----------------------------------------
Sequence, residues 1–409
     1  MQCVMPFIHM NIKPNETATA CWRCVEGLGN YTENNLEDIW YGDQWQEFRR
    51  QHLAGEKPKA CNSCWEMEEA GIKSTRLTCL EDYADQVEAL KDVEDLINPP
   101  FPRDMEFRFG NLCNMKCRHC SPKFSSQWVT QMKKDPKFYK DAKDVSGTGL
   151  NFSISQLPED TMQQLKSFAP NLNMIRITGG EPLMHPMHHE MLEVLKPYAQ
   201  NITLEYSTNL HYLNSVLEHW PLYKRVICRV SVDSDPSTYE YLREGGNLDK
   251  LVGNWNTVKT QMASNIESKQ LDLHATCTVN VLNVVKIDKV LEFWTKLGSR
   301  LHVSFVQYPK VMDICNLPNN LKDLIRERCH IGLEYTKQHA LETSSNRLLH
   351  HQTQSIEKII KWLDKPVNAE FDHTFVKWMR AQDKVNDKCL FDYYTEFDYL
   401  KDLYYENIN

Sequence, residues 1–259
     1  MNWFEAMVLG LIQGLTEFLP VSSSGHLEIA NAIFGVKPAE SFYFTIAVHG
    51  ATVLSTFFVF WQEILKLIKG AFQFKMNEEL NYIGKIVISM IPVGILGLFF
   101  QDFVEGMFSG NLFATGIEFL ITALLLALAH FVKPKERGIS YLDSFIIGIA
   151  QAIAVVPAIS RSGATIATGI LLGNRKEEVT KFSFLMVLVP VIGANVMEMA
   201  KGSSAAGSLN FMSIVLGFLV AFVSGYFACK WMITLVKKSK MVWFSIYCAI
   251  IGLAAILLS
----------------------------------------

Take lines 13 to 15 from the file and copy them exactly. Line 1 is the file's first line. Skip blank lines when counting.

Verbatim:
    51  ATVLSTFFVF WQEILKLIKG AFQFKMNEEL NYIGKIVISM IPVGILGLFF
   101  QDFVEGMFSG NLFATGIEFL ITALLLALAH FVKPKERGIS YLDSFIIGIA
   151  QAIAVVPAIS RSGATIATGI LLGNRKEEVT KFSFLMVLVP VIGANVMEMA